The development of nanotube based solar cells has been accelerated. Single wall carbon nanotubes (SWNTs) have attracted great attention because of their unique chemical and physical properties. According to the research of gu1di in the Radiation Laboratory of Natre Dame University in the United States, the importance of single-walled carbon nanotubes is that they can develop and utilize the functionality and functionality of their electron donor assemblies. The research found that adding different atomic groups can make the nanotubes achieve the functional goal, which is expected to be used to produce a wide range of electronic components – solar cells.
Gu1di and his colleagues attached ferrocene to the wall of single-walled carbon nanotubes. This cyclization reaction involves the closure of the ring between the atoms in ferrocene molecules and the two carbon atoms of nanotubes. About one unit of ferrocene is attached to every 100 nanotubes. Ferrocene complex is an aggregation of iron atoms inserted between two five membered carbon rings, which can be used as electron donors. If these carbon nanotubes are irradiated with visible light, they can be used as donors of electrons released by ferrocene. Researchers have for the first time introduced the basis for developing fuel cells based on improved carbon nanotubes.
Researchers at Cornell University in the United States used carbon nanotubes to replace traditional silicon tubes to produce high-efficiency solar cells (Figure 1.11). The key to this technology is to use carbon nanotubes to replace traditional silicon tubes to produce photodiodes, which are the basic components of solar cells. Researchers used lasers of different colors to study this diode and found that it can double the current intensity in the process of converting light energy into electrical energy. Researchers pointed out that carbon nanotubes are an ideal photodiode because they can make full use of excess light energy, which is often lost in the form of heat in traditional solar cells. This research result was published in the online edition of Science in 2009. Nathan Gabor, the first author of the paper and a graduate student of Cornell University, said, “we not only found a new material, but also applied it to make real solar cells.” However, the researchers pointed out that they have only made high-efficiency solar cells in the laboratory at present, and further research is needed to mass produce a new generation of cheap and reliable solar cells.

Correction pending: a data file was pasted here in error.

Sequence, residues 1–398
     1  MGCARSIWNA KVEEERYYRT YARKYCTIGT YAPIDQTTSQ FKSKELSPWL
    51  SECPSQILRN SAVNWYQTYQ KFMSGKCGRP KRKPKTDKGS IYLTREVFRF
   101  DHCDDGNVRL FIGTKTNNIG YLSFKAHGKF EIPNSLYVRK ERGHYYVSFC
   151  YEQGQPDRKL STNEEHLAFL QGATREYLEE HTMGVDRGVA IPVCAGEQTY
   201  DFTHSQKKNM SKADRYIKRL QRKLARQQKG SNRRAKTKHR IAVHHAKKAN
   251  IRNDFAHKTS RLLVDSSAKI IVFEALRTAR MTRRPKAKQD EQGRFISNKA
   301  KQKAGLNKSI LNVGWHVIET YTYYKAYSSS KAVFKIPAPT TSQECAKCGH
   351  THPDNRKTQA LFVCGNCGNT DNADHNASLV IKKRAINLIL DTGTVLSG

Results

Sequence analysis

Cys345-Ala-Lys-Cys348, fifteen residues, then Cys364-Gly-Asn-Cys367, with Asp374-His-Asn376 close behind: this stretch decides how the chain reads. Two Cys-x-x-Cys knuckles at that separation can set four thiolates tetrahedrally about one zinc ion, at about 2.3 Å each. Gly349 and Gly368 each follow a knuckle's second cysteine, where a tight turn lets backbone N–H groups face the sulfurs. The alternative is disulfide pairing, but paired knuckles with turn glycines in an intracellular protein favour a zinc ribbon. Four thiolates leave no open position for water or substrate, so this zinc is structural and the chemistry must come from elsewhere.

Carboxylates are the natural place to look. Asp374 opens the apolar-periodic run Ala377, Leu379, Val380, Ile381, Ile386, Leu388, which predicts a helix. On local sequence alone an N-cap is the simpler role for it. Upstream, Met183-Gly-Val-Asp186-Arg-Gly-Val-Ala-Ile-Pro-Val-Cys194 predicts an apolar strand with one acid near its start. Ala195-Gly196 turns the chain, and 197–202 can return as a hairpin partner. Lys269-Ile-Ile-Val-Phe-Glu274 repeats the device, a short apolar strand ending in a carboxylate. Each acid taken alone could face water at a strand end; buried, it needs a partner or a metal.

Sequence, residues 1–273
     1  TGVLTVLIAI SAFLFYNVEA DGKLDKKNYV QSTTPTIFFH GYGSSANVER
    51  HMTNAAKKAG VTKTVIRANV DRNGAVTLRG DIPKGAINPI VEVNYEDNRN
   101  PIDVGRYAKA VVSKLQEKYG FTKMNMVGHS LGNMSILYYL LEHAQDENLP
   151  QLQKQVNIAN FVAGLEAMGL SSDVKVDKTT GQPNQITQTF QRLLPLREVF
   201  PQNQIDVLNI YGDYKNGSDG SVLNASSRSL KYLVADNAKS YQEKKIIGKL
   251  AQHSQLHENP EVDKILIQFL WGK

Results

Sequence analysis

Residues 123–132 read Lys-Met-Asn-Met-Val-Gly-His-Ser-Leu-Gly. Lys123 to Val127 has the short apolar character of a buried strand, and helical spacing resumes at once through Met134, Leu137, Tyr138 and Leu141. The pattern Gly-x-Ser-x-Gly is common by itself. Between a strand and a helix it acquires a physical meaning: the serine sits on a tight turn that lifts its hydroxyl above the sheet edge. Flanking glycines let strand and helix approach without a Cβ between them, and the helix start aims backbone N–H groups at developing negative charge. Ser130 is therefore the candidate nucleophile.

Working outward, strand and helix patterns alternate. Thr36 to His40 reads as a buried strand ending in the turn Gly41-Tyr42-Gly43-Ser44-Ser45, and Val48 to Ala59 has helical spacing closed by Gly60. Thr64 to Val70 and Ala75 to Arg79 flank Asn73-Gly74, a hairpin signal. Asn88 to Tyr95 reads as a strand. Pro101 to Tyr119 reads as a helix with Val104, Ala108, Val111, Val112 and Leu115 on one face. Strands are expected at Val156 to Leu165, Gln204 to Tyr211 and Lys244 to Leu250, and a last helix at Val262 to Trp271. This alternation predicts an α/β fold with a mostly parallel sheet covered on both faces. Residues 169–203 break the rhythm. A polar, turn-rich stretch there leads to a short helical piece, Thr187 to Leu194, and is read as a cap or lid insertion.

Berkeley Laboratory and the University of California in the United States developed the preparation of inorganic nanocrystals from solution and used as ultra-thin solar cells for the first time. This nanocrystalline solar cell is cheap and easier to manufacture than solar cells made from organic polymers, because it does not contain organic materials and is more stable in the air. The rod-shaped nano-sized crystals of two semiconductors (selenium saw and cadmium chloride) were synthesized respectively, then dissolved in solution and cast on the conductive glass matrix. The efficiency of the obtained film to convert sunlight into electrical energy was 3%. Although this efficiency is lower than that of organic polymers (theoretically, the efficiency can reach 20% – 25%), this nanocrystalline solar cell is ultra-thin and processed by solution, which shows that it has the potential to reduce costs. Most solar cells are based on silicon and need to be assembled and controlled under conditions such as high vacuum and temperature of 400-1400 ℃.
Chemists at Buffalo University (UB) in the United States have developed a new method to thicken chemically pure zinc oxide films through dense nanostructures and develop a new method to deposit them on temperature sensitive substrates such as polymers and plastics (Figure 1.12). This research result has been published in the journal Physical Chemistry. By depositing general zinc oxide films on flexible surfaces, more efficient solar cells, liquid crystal displays, chemical sensors and optoelectronic facilities have been developed. Research shows that high-quality zinc oxide films can be made into many shapes, including films, nanorods and nanoparticles. However, the problem is that it is usually deposited at high temperature, which will harm or even melt the matrix. The technology developed by UB chemists enables metal oxide molecules to be safely cooled and coated on a temperature sensitive substrate.